Florida black bears more active during spring, here's how to avoid conflict
'Don't give a bear a reason to hang around in your neighborhood'
ORLANDO, Fla. – Spring is here, which means Florida's black bear population is becoming more active, increasing the chance of conflicts with people.
Florida Fish and Wildlife Conservation Commission officials issued a reminder and tips Floridians can follow to decrease the odds of encountering wild bears.
“Bears are starting to come out of their winter dens and they’re searching for food,” said Dave Telesco, who directs the FWC’s Bear Management Program. “Don’t give a bear a reason to hang around in your neighborhood. Remove anything that might attract a bear. If they can’t find food, they’ll move on.”
Although black bears aren't generally aggressive, they can be dangerous, particularly if their defensive behaviors are triggered or if it's a female with cubs. In Seminole County, a sow with two yearlings attacked multiple dogs and ravaged a family's SUV.
FWC recommends the following these tips to deter bears:
- Secure household garbage in a sturdy shed, garage or a wildlife-resistant container.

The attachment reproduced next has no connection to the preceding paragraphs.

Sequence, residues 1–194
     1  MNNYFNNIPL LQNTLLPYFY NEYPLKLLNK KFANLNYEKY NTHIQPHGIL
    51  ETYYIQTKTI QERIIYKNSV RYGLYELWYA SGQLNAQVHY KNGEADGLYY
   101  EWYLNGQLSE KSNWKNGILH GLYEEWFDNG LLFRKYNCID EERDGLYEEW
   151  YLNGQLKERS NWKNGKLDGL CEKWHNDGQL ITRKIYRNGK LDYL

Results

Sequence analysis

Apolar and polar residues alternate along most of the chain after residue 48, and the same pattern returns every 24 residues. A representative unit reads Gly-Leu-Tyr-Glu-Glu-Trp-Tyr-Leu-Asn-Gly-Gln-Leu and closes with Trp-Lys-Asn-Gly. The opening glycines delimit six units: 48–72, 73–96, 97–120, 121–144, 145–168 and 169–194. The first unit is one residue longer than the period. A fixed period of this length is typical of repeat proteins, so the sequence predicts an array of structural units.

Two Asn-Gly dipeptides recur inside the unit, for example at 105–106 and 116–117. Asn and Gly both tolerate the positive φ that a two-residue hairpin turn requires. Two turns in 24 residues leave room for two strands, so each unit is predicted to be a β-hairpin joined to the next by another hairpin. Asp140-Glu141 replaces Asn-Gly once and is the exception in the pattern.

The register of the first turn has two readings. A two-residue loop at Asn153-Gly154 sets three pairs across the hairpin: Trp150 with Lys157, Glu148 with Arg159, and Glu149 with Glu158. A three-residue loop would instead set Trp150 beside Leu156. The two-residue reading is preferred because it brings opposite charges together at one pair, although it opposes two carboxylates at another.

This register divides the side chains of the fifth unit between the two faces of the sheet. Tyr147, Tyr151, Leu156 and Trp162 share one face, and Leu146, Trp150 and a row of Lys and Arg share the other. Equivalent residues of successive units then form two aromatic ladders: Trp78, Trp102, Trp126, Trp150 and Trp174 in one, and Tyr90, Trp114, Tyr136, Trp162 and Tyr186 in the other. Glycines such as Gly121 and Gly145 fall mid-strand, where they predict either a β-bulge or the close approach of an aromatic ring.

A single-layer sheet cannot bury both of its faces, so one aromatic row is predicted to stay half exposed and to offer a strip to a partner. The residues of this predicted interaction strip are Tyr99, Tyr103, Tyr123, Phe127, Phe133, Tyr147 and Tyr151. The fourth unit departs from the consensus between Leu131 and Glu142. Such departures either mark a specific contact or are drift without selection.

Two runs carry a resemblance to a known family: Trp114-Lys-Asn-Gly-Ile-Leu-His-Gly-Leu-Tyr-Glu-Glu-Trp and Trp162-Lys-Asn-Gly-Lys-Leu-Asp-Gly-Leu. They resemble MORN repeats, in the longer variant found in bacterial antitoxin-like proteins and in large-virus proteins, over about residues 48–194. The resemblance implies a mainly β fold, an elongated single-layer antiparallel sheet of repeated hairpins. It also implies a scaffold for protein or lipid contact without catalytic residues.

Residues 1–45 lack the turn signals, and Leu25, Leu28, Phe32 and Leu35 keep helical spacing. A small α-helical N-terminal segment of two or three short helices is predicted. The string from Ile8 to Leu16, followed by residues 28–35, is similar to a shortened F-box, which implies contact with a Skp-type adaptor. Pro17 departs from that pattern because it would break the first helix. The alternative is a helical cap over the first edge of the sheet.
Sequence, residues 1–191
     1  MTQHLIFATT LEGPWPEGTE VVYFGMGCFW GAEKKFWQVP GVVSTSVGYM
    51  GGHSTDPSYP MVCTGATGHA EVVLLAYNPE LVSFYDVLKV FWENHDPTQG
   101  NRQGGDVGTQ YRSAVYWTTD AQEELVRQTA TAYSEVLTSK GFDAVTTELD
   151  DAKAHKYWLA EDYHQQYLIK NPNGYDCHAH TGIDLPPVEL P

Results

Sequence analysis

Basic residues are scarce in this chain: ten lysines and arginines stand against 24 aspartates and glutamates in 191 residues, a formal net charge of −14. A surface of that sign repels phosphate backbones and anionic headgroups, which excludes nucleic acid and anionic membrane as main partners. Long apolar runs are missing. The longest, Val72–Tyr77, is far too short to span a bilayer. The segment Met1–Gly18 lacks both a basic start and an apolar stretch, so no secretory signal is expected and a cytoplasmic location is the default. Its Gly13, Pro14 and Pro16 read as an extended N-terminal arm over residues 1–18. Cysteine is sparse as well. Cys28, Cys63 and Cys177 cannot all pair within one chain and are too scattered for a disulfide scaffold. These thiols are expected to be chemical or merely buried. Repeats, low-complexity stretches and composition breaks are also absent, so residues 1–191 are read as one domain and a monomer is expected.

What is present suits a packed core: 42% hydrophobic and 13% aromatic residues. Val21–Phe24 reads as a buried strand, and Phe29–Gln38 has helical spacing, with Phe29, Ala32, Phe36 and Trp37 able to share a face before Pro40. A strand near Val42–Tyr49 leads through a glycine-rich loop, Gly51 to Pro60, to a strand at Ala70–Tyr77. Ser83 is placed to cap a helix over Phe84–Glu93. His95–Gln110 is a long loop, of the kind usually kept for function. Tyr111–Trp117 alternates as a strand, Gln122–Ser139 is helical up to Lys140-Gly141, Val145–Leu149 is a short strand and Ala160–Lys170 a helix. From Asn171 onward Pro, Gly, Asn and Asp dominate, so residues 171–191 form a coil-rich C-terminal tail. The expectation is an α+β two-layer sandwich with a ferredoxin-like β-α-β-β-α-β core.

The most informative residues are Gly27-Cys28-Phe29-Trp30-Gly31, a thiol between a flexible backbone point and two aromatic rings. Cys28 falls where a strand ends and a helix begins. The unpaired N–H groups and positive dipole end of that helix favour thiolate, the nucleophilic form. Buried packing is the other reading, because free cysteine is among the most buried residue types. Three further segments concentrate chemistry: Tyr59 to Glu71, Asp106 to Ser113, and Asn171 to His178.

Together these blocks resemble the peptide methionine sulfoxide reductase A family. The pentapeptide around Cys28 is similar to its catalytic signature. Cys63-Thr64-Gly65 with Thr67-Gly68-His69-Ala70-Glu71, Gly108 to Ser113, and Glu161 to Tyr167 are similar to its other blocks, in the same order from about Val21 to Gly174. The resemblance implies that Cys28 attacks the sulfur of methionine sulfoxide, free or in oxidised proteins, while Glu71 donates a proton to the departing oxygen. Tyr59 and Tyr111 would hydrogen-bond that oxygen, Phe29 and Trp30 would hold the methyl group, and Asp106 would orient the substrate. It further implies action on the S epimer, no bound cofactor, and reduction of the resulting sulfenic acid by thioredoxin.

- Put household garbage out on the morning of pickup, rather than the night before.
- Secure commercial garbage in bear-resistant dumpsters.
- Protect gardens, beehives, compost and livestock with electric fencing.
- Encourage your homeowners association or local government to institute bylaws or ordinances to require trash be kept secure from bears.
- Feed your pets indoors, and bring in leftover food and dishes after eating outdoors.
- Clean grills and store them in a secure place.
- Remove wildlife feeders or make them bear-resistant.
- Pick ripe fruit from trees and bushes and remove fallen fruit from the ground.
Floridians should also keep in mind that it's illegal to feed bears.
When driving in rural areas, remember to use caution and slow down particularly at dawn or dusk. This will reduce the risk of fatally striking a bear, which happens about 240 times a year across Florida.
Anyone having conflicts with bears can contact one of FWC's regional offices by clicking here. To report a threatening bear or someone who is intentionally feeding or harming the animals, call FWC's wildlife alert hotline at 888-404-FWCC (3922).
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